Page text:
Apple's "iAd" mobile advertising platform, introduced April 8 along with a variety of other updates to the upcoming iPhone OS 4, may generate billions of dollars for the company once fully integrated into the iPhone's mobile apps.
During a presentation at Apple's Cupertino, Calif., headquarters, Apple CEO Steve Jobs displayed a slide suggesting that the iPhone and the iPod Touch was capable of delivering "1 Billion Ad impressions per day," if users of those devices spent an average of 30 minutes engaging with advertisement-seeded apps.
That could translate into a good deal of money, according to one analyst.
"It is in our view Apple's new mobile advertising platform (-iAd') stole the show and will be significant to the financial model," Brian Marshall, an analyst with Broadpoint AmTech, wrote in an April 9 research note. "In fact, we believe the iAd platform could generate an incremental $2.5 [billion] in revenue and $1.00+ to Apple's financial model when the business hits its stride."
Marshall points to the iPhone's global ramp-up, with the device now available in around 90 countries, and its $39.8 billion cash reserves as indicators of the company's future success; at the same time, however, unsustainable carrier subsidies, peaked gross margins, and the potential for the iPhone to cannibalize the iPod family could all become drags on Apple's bottom line.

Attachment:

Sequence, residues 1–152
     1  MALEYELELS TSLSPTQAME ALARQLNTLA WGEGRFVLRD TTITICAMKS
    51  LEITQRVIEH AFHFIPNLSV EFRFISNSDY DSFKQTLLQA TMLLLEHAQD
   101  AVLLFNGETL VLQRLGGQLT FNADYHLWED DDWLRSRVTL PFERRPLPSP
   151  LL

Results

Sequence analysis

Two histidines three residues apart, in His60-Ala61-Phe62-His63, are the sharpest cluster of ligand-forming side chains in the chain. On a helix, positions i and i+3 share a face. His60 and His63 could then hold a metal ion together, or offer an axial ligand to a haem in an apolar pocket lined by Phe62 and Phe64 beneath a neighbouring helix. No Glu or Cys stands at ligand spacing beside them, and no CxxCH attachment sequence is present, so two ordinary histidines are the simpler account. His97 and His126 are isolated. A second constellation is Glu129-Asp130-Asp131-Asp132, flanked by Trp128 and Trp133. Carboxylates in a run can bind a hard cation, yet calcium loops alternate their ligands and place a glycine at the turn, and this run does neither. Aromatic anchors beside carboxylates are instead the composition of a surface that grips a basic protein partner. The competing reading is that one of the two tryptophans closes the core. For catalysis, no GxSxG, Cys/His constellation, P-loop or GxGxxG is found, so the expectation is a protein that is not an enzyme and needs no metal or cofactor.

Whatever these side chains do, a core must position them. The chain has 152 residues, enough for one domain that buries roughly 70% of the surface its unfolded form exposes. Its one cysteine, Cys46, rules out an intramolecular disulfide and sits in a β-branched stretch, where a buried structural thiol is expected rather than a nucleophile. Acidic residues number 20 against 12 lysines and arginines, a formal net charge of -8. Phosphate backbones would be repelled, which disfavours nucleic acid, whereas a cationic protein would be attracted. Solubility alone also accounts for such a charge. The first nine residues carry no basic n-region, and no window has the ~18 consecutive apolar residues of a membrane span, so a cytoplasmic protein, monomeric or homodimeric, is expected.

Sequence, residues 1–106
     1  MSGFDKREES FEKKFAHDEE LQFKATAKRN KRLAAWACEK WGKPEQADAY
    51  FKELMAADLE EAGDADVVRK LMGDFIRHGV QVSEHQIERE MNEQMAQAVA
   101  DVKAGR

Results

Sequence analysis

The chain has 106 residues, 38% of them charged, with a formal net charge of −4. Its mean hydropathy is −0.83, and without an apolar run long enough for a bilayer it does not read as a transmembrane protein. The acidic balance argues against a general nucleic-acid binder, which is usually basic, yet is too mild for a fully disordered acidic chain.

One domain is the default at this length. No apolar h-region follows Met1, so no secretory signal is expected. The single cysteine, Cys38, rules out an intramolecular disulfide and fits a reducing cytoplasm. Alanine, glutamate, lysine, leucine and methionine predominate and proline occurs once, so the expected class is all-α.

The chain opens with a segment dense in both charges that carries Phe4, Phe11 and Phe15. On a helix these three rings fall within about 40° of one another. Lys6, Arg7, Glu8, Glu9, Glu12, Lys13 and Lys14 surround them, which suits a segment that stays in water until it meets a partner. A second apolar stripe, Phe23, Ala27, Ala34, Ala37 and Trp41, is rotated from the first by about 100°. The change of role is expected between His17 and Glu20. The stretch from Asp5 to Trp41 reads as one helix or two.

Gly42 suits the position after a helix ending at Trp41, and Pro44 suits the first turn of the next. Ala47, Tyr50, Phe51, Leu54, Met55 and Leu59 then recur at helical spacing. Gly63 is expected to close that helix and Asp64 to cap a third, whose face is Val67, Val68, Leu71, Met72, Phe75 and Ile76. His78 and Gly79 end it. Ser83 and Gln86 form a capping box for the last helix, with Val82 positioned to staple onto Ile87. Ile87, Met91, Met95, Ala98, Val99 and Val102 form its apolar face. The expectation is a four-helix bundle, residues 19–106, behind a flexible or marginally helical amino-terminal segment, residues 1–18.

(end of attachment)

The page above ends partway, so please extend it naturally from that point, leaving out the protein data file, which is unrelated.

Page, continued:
Marshall's research note indicates that the analyst firm could become more negative on Apple if "international expansion slows in the computing, iPod and smartphone markets," carrier subsidy premiums decline, or if the company's innovative product pipeline dries up. "If Apple is unable to continue designing leading-edge consumer products for mass markets, this would clearly negatively impact the financial model and result in a lower target price for Apple shares," Marshall wrote.
The iPhone OS 4 is due for release at an as-yet-unannounced point this summer. In addition to the "iAd" platform, other updates include multitasking, an ability to collect mobile applications in specific folders, a unified inbox for e-mail, and a social-gaming hub. But "iAd" may end up attracting the most flak from a number of different players and overseers in the mobile space.
"The iAd is a big step for Apple-their way to stick a finger in the eye of Google, and even MSFT (Bing)," Jack Gold, an analyst with J. Gold Associates, wrote in an April 8 research note. "Sounds like the only ads going to iPhone and iPad ultimately will be through Apple's ad-equivalent of iTunes monopoly for music. This is a game changer, and I'll bet someone legally challenges this monopoly position (probably in Europe, where iTunes is being heavily challenged)."